PPA offtakers can vary quite considerably but may include retailers, suppliers, aggregators or landlords in private wire arrangements. If you’re interested in learning more about PPAs we’ve included a deeper look into some common PPA structures at the bottom of this article. 

Supply Agreements/Retail Tariffs: 

These are arrangements for the purchase of electricity from your Supplier or Retailer. Like PPAs they will usually include a fixed or floating price represented in $ or £/MWh for the power you consume - this price is likely to vary depending on the time of day that you consume power, known as a Time of Use (TOU) tariff structure. Retail tariffs are likely to include non-commodity charges as well, these will be represented as a fixed or percentage passthrough cost, if they are a passthrough your bill will likely include an estimate of what they will be. Non-commodity charges include things like Standing charges, RO/CfD, RCRC, BSuOS.

Optimisation Agreements: 

Flexible generation assets, such as batteries, gas peakers, flexible plant or electric vehicle fleets enabled for vehicle-to-grid (V2G) will likely be contracted via optimisation agreements rather than PPAs or Supply Arrangements. We’re also starting to see renewable assets enter into optimisation agreements alongside their PPAs, usually with the same party; this is to manage their participation in balancing or curtailment markets.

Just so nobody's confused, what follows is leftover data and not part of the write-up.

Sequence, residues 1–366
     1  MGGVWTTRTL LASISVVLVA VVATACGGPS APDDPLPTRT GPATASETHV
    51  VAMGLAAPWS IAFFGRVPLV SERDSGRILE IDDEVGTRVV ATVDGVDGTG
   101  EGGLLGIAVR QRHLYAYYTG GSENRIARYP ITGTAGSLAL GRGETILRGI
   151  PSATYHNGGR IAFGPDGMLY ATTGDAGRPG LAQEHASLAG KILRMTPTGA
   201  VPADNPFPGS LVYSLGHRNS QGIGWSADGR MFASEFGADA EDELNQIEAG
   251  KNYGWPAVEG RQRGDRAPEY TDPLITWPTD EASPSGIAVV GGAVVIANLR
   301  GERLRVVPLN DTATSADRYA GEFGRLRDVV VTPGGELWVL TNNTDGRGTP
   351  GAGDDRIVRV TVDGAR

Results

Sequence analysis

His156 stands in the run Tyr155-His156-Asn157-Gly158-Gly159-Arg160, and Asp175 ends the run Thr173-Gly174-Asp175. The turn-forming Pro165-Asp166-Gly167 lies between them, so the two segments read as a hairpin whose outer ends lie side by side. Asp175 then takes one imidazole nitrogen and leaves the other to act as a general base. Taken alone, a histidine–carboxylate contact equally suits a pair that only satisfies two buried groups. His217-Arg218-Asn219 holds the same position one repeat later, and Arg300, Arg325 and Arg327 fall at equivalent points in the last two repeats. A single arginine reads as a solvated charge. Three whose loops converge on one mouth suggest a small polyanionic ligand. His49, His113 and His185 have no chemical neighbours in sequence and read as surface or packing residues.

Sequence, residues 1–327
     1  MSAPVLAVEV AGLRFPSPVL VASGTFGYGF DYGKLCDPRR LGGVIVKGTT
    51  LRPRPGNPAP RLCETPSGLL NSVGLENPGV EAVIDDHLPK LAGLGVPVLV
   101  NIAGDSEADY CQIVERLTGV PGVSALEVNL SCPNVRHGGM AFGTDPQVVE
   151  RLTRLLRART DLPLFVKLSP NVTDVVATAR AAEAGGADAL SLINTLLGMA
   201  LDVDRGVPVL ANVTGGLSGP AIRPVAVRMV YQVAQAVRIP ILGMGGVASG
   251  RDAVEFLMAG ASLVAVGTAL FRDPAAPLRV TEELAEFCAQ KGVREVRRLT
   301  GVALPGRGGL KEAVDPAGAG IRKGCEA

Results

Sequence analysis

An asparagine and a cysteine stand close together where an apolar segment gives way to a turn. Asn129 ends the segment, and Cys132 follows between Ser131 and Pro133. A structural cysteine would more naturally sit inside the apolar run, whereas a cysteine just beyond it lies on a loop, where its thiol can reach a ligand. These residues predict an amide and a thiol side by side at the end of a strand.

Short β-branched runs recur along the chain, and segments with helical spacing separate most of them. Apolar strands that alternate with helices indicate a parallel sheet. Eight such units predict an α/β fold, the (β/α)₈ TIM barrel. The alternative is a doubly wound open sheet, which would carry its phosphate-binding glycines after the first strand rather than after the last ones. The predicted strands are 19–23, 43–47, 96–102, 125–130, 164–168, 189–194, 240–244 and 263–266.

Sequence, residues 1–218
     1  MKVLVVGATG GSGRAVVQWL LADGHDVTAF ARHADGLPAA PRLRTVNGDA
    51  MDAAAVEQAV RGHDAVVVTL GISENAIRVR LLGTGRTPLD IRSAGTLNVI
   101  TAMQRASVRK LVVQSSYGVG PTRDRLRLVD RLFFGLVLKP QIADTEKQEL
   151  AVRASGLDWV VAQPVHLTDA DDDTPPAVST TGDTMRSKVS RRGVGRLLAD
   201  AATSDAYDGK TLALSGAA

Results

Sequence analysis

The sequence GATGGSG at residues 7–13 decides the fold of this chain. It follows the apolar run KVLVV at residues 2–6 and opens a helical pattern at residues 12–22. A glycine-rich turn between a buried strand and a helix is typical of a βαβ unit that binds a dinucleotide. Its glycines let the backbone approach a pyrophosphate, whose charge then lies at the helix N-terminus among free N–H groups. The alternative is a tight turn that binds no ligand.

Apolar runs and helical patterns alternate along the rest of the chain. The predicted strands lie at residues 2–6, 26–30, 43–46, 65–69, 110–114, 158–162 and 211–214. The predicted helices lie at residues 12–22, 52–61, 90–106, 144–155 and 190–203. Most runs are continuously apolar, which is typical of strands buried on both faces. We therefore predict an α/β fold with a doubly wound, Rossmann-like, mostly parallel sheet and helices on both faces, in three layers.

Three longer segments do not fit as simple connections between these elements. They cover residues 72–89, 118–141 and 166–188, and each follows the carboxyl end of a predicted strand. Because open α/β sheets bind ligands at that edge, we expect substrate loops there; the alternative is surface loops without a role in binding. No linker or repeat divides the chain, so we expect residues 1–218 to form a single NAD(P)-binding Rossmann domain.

Optimisation agreements are common commercial structures for flexible assets because a flat £ or $/MWh rate is unlikely to represent the most optimal value from the flexibility these assets can provide. Normally optimisation agreements are structured as a revenue share (also known as merchant structure) whereby an optimiser or flexibility provider takes a certain percentage of all profits earned for providing market access and trading services; this is useful as it keeps the incentives of the flexibility provider and asset owner aligned.